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Karamo Brown Encourages the LGBTQ+ Community to Remember Pride Month's Black, Trans Roots

By Alyssa Ray Jun 09, 2020 6:35 PMTags

Remembering Pride Month's history.

On Tuesday, Queer Eye star Karamo Brown virtually stopped by Daily Pop and shared with E!'s Justin Sylvester his plan for this year's Pride. Namely, the 39-year-old Real World alum is ready to tackle tough conversations about racism within the LGBTQ+ community.

"I'm spending my Pride doing other things like, having some real conversations with gay white folks. Because, I've noticed the ugly side of the gay community, the LGBT community, coming out right now," Karamo told E! "I'm dating a white man, but I'm constantly having conversations with him about his privilege. Though you are gay, [it] does not take away your privilege as a white man."

As he continued, the Netflix star said he's noticed that "a lot of white gay men" are "not understanding how segregated and how there's racism in our community." Rather than keep the communities "segregated," Karamo called for the LGBTQ+ community and allies to get "to the root of what's really going on."

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Karamo continued, "So, I'm trying to spend my Pride Month reeducating my brothers and sisters and letting them know, 'Hey, as we go out in this world and fight for black lives, we also need to remember that the reason we have Pride and the equality we have today is because it was started by black women and a black trans woman, who threw the first brick to say, 'I'm not going to stand for this! Give me my rights!'"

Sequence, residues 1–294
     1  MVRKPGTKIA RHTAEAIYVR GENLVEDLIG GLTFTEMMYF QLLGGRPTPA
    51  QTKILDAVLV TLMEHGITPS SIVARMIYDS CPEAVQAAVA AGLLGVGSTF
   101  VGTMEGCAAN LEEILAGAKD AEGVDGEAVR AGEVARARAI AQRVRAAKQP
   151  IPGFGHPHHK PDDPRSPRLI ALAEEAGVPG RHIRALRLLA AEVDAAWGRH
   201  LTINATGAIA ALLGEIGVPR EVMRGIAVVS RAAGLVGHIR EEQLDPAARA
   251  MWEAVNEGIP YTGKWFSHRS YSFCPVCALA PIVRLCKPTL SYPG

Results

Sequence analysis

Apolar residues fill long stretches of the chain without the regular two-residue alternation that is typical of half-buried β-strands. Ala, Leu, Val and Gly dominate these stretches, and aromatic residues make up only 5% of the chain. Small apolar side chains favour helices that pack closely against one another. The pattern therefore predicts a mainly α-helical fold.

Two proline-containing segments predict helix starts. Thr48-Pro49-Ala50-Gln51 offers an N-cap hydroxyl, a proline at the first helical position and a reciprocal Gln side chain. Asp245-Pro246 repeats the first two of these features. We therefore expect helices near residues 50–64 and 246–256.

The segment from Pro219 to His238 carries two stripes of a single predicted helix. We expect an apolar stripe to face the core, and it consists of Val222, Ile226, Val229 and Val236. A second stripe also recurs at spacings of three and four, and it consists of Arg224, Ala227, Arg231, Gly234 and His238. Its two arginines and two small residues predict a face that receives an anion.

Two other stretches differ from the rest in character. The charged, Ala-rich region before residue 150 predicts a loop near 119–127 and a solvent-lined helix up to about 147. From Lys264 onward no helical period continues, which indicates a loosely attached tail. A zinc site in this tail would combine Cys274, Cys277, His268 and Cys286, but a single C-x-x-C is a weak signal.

The Queer Eye star was referring to Marsha P. Johnson, a gay rights advocate and one of the prominent figures involved in the Stonewall uprising of 1969. The demonstrations by the LGTBQ+ community, which took place in New York City between June 28, 1969 and July 3, 1969, came in response to a police raid that occurred at the Stonewall Inn.

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This conversation about Stonewall comes amid the ongoing Black Lives Matter protests following the deaths of George Floyd, Breonna Taylor and others.

"This is what we've been experiencing since we were little boys, this is not a new situation for us. What I think is most exhausting, emotionally and mentally and physically, is seeing more black men die in the streets, seeing the pain of our community," Karamo relayed.

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Yet, the culture expert revealed he's optimistic as "more white people are stepping up," as well as people of all races. Speaking of the protesters and activists, Karamo encouraged them to take care of their mental and emotional health.

"I want people to understand that it's so important for you to check in with your mental and emotional state," the KARAMO podcast host expressed. "And that it's ok if you need to check out for a day. You have to recharge so you can come back and be better the next day."

Queer Eye season 5 is out now on Netflix.

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